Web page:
Memray API#

Memray exposes an API that can be used to programmatically activate or deactivate tracking of a Python process’s memory allocations. You do this by creating a Tracker object and using it as a context manager in a with statement. While the body of the with statement runs, tracking will be enabled, with output being sent to a destination you specify when creating the Tracker. When the with block ends, tracking will be disabled and the output will be flushed and closed.

API Usage#

class memray.Tracker#

Context manager for tracking memory allocations in a Python script.

You can track memory allocations in a Python process by using a Tracker as a context manager:

with memray.Tracker("some_output_file.bin"):

Any code inside of the with block will have its allocations tracked. Any allocations made by other threads will also be tracked for the duration of the with block. Because of the way tracking works, there can only be one tracker active in the entire program at a time. Attempting to activate a tracker while one is already active will raise an exception, as will attempting to activate the same tracker more than once. If you want to re-enable tracking after the with block ends, you will need to create a fresh Tracker instance.

  • file_name (str or pathlib.Path) -- The name of the file to write the captured allocations into. This is the only argument that can be passed positionally. If not provided, the destination keyword argument must be provided.

  • destination (FileDestination or SocketDestination) -- The destination to write captured allocations to. If provided, the file_name argument must not be.

  • native_traces (bool) -- Whether or not to capture native stack frames, in addition to Python stack frames (see Native tracking). Defaults to False.

  • follow_fork (bool) -- Whether or not to continue tracking in a subprocess that is forked from the tracked process (see Tracking across forks). Defaults to False.

  • memory_interval_ms (int) -- How many milliseconds to wait between sending periodic resident set size updates. By default, every 10 milliseconds a record is written that contains the current timestamp and the total number of bytes of virtual memory allocated by the process. These records are used to create the graph of memory usage over time that appears at the top of the flame graph, for instance. This parameter lets you adjust the frequency between updates, though you shouldn’t need to change it.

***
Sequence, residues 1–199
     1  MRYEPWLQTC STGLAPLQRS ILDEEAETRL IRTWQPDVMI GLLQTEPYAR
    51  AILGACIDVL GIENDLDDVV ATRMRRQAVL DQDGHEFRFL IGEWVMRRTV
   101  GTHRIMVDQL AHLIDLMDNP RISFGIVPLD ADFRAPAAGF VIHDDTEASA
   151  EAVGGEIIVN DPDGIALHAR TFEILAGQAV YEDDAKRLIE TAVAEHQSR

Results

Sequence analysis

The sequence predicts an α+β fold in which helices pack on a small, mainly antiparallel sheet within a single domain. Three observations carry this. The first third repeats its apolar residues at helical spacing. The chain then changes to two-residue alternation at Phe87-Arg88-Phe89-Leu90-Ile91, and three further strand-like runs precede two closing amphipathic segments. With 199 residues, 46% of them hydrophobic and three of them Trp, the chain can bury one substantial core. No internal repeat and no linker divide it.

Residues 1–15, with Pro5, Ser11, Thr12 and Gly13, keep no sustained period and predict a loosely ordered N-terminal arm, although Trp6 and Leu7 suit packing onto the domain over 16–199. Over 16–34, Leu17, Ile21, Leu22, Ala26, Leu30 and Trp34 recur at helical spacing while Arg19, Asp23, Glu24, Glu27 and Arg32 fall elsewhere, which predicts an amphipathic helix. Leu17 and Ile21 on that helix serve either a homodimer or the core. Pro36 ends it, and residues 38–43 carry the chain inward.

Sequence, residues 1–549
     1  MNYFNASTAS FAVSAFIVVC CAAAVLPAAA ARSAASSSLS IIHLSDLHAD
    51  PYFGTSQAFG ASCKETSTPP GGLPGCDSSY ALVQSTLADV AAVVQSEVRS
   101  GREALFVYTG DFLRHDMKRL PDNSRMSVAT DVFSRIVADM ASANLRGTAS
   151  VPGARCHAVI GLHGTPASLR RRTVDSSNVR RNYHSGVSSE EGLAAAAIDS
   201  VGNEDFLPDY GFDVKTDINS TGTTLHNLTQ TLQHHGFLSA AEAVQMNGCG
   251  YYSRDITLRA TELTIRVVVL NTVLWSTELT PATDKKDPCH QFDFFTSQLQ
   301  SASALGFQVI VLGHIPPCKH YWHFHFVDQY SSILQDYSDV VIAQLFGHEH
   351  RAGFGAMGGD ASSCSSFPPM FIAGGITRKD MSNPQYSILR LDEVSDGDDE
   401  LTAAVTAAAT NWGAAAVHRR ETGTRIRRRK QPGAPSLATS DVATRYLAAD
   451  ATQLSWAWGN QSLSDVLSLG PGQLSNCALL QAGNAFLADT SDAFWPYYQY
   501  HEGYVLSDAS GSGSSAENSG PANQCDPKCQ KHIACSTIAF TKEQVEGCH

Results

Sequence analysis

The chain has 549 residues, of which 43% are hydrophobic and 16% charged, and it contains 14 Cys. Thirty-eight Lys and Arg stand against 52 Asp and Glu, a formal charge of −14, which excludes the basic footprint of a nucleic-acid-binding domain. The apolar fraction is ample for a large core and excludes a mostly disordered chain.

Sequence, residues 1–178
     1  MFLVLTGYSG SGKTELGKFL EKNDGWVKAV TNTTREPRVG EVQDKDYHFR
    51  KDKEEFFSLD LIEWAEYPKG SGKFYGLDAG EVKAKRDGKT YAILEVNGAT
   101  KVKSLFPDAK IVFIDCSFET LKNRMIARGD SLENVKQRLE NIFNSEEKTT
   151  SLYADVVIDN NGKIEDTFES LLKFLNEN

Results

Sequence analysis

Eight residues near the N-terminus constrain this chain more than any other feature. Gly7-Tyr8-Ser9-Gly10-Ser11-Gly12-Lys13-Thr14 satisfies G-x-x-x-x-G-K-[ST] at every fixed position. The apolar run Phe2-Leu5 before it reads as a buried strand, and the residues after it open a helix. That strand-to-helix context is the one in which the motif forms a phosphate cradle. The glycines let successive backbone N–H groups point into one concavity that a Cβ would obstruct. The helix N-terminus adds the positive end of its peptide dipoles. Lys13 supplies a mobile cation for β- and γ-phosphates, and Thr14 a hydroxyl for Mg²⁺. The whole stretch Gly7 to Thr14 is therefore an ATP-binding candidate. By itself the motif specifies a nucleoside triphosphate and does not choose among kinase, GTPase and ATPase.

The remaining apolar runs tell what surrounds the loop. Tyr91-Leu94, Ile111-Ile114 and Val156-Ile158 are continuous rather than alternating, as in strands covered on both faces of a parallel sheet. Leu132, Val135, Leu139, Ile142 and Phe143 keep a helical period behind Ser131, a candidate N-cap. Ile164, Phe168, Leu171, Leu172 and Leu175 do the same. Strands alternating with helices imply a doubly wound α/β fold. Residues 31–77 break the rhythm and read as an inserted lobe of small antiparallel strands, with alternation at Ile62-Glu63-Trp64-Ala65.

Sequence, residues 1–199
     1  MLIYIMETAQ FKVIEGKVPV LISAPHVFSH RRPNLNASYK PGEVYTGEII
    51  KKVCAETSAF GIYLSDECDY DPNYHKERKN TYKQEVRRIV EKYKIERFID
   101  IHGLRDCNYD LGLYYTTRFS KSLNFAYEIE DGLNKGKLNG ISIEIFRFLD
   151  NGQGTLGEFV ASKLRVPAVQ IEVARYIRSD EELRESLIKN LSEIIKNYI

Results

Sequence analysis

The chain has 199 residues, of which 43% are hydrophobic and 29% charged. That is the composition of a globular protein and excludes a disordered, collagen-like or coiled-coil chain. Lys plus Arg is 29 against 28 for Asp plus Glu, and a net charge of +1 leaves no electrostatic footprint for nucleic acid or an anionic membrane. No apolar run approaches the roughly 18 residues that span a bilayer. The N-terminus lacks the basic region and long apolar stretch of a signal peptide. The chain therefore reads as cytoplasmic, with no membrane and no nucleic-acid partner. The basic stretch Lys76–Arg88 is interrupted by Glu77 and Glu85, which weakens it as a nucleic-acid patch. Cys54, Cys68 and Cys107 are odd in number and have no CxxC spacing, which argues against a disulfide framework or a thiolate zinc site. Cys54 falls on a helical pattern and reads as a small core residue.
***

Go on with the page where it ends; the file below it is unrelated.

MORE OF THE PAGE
class memray.FileDestination(path: Union[pathlib.Path, str], overwrite: bool = False, compress_on_exit: bool = True)[source]#

Specify an output file to write captured allocations into.

  • path -- The path to the output file.

  • overwrite -- By default, if a file already exists at that path an exception will be raised. If you provide overwrite=True, then the existing file will be overwritten instead.

class memray.SocketDestination(server_port: int, address: str = '')[source]#

Specify a port to serve captured allocations on.

When a SocketDestination is passed to the Tracker constructor, the process will immediately create a server socket on the given port and wait for a reader to connect (see Live tracking). The Tracker constructor will not return until a client has connected. Any records the tracker goes on to capture will be written over the socket to the attached client.

  • server_port -- The port to accept a client connection on.

  • address -- The address to bind the server socket to. This should generally be left alone, but you might want to use "" to accept connections from clients on other machines. Note that sending records to clients on other machines is generally a bad idea, though. In particular, this won’t play nicely with Native tracking, because the client on the remote machine won’t have access to the shared libraries used by the tracked process.